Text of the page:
Want to serve these more like a traditional meatball dish? Absolutely! Add some spaghetti and your favorite sauce – a traditional marinara goes perfectly!

Are these good for meal prep?

Yes! You’ll love how easy it is to bake a big batch and keep any extras on hand for a few lunches or an easy dinner throughout the week, especially if feeding little ones is part of your routine.

  • This recipe yields about two dozen small-medium meatballs, making it great for a couple of meals or feeding a small crowd.

Storage and Reheating

Allow the fully baked meatballs to cool then store tightly covered in the refrigerator for 3-4 days. Microwave on 50% power to reheat as needed. Using reduced power is a good tip for warming any poultry or seafood in the microwave without drying it out.

Are these freezer-friendly?

Yes! Make a double batch and freeze half for the benefit of your future self. You even have options for how to do it:

  • Freeze Unbaked Meatballs: Shape as directed and space out on a parchment lined baking sheet. Freeze on the baking sheet until firm, then transfer to an airtight container or zip-top bag and store in the freezer for up to 4 months.
  • To Cook Frozen Meatballs. Defrost overnight in the refrigerator, then place on a sheet pan and bake as directed, or bake directly from frozen, adding 5-10 minutes to the cooking time.
  • Freeze Baked Meatballs: Let baked meatballs cool fully, then transfer to an airtight container or zip-top bag and store in the freezer for up to 4 months. Reheat gently on the stove in a simmering sauce or in the oven or microwave.
Plate of baked turkey meatballs served with farfalle.

More Easy Turkey Recipes

Looking to incorporate more of this lean white meat into your meals? Try my ground turkey pasta bake, or make a simple herb-roasted turkey breast and use the leftovers to make the most delicious creamy turkey and dumplings soup.

If you try these Baked Turkey Meatballs, don’t forget to rate the recipe and leave a comment below. I love hearing how recipes turn out in your kitchen, and it helps other readers, too.

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Plate of baked turkey meatballs served with farfalle.
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Baked Turkey Meatballs

Chock full of lean protein and sneak in a few vegetables, these are easy to prepare, reheat well, and a good size and texture for even the littlest diners. Not to mention, extremely delicious!

Ingredients

  • 1 pound lean ground turkey
  • 1 cup grated carrot from 1-2 medium carrots
  • 1 cup grated zucchini from 1 small zucchini
  • 1/2 cup breadcrumbs plain or seasoned
  • 1/4 cup grated Parmesan cheese
  • 2 tbsp. ketchup
  • 1 large egg
  • 2 tsp. onion powder
  • 1 tsp. garlic powder
  • 1 tsp. salt
  • 1/2 tsp. freshly ground black pepper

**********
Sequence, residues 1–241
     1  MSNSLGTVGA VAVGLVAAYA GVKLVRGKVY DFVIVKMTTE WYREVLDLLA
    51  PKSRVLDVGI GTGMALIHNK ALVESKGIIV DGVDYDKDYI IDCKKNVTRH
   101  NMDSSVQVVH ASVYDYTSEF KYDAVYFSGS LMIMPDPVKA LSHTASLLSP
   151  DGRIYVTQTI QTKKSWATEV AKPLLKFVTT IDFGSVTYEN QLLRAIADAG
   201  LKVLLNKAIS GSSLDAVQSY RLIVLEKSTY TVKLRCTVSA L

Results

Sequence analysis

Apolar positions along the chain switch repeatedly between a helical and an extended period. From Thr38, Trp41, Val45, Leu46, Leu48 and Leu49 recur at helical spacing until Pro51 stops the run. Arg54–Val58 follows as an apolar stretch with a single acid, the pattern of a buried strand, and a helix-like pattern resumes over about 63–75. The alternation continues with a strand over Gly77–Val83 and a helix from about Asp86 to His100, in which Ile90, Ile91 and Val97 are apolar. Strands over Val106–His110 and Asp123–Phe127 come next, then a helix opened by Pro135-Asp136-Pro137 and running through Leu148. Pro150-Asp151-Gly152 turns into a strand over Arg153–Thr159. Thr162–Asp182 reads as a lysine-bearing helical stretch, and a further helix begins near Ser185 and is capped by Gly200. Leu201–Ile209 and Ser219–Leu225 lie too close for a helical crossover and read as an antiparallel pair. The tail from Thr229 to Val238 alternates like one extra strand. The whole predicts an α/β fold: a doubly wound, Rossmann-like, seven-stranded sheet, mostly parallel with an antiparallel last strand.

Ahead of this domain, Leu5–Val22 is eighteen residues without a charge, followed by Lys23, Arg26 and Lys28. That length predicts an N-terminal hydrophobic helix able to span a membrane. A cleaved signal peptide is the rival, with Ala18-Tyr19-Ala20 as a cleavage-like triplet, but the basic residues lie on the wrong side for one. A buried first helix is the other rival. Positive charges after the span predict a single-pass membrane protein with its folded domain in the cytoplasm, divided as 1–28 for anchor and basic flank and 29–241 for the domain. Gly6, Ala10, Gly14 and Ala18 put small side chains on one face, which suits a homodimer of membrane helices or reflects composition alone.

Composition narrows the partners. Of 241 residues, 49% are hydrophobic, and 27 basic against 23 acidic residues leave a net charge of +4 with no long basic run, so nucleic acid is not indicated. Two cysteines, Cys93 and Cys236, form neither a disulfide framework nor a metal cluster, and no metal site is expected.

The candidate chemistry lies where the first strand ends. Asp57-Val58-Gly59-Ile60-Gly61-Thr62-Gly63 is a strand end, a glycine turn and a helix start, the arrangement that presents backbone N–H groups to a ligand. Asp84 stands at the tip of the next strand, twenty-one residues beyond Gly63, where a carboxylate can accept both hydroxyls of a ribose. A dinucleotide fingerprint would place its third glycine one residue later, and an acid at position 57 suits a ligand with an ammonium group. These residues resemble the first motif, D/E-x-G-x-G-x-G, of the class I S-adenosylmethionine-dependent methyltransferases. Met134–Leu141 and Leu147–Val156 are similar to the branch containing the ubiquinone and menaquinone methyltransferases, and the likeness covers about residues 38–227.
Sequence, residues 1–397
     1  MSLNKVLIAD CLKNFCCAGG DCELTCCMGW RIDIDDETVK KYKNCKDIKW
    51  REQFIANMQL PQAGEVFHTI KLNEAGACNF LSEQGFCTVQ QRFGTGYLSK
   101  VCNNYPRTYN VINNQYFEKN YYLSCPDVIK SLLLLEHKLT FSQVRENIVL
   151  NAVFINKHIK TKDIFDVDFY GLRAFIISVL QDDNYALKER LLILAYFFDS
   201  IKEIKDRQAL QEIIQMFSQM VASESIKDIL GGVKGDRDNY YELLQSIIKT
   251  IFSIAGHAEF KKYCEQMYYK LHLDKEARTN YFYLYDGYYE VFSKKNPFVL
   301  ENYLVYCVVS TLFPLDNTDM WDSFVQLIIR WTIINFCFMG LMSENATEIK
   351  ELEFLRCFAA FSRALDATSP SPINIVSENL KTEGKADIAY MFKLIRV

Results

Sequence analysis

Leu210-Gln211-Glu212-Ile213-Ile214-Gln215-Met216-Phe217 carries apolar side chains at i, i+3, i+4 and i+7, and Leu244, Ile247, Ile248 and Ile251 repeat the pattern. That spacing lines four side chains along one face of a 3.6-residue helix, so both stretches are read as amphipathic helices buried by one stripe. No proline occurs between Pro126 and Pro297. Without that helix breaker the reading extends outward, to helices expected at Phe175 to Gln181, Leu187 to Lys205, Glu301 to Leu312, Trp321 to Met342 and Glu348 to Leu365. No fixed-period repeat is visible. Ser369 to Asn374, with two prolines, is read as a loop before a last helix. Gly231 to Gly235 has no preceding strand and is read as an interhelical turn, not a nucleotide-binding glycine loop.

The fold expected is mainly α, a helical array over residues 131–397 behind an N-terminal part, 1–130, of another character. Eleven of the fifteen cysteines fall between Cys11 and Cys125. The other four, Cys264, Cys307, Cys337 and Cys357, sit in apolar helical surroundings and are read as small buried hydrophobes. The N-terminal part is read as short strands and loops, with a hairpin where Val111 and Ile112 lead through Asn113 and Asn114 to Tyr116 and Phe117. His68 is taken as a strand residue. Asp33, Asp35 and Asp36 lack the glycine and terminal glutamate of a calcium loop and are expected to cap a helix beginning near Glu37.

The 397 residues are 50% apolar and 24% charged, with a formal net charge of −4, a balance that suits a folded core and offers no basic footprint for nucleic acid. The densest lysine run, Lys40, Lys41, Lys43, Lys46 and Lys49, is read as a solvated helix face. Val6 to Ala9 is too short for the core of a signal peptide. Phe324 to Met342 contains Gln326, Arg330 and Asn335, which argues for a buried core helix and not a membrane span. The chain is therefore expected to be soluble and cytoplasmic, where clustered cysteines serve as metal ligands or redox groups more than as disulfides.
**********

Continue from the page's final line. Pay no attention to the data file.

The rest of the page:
Instructions

  • Preheat oven to 375 degrees F and set aside a large baking tray.
  • Combine all ingredients in a large bowl, and mix with a spatula or your hands just until everything is evenly combined. 
  • Using a cookie scoop or a measuring spoon, portion the meatball mixture out into heaping tablespoons. Gently roll each between your palms to smooth it into a ball. (It helps to do this with slightly wet hands.) Arrange meatballs on the baking sheet, being sure they do not touch one another. 
  • Bake for approximately 20 minutes, or until internal temperature reaches 165 degrees F. Serve immediately, or allow to cool slightly and store in an airtight container in the refrigerator.

Notes

  • Extra carrot or zucchini? Put it to good use in a French carrot salad, zucchini chocolate chip muffins, or zucchini pesto!
  • Storage: Allow the fully baked meatballs to cool then store tightly covered in the refrigerator for 3-4 days. Microwave on 50% power to reheat as needed. 
  • Freezer-friendly: Make a double batch and freeze half for the benefit of your future self:
    • Freeze Unbaked Meatballs: Shape as directed and space out on a parchment lined baking sheet. Freeze on the baking sheet until firm, then transfer to an airtight container or zip-top bag and store in the freezer for up to 4 months.
    • To Cook Frozen Meatballs. Defrost overnight in the refrigerator, then place on a sheet pan and bake as directed, or bake directly from frozen, adding 5-10 minutes to the cooking time.
    • Freeze Baked Meatballs: Let baked meatballs cool fully, then transfer to an airtight container or zip-top bag and store in the freezer for up to 4 months. Reheat gently on the stove in a simmering sauce or in the oven or microwave.

Nutrition Estimate

Calories: 184kcal, Carbohydrates: 14g, Protein: 23g, Fat: 4g, Saturated Fat: 2g, Cholesterol: 73mg, Sodium: 635mg, Potassium: 481mg, Fiber: 2g, Sugar: 4g, Vitamin A: 5300IU, Vitamin C: 9mg, Calcium: 94mg, Iron: 2mg
Did you make this recipe?Leave a review below, then snap a quick picture and tag @nourishandfete on Instagram so I can see it!

This post was originally published in March 2017 and has been updated with new photos and a lot of additional information on substitutions, storage and freezing, serving suggestions, and more frequently asked questions.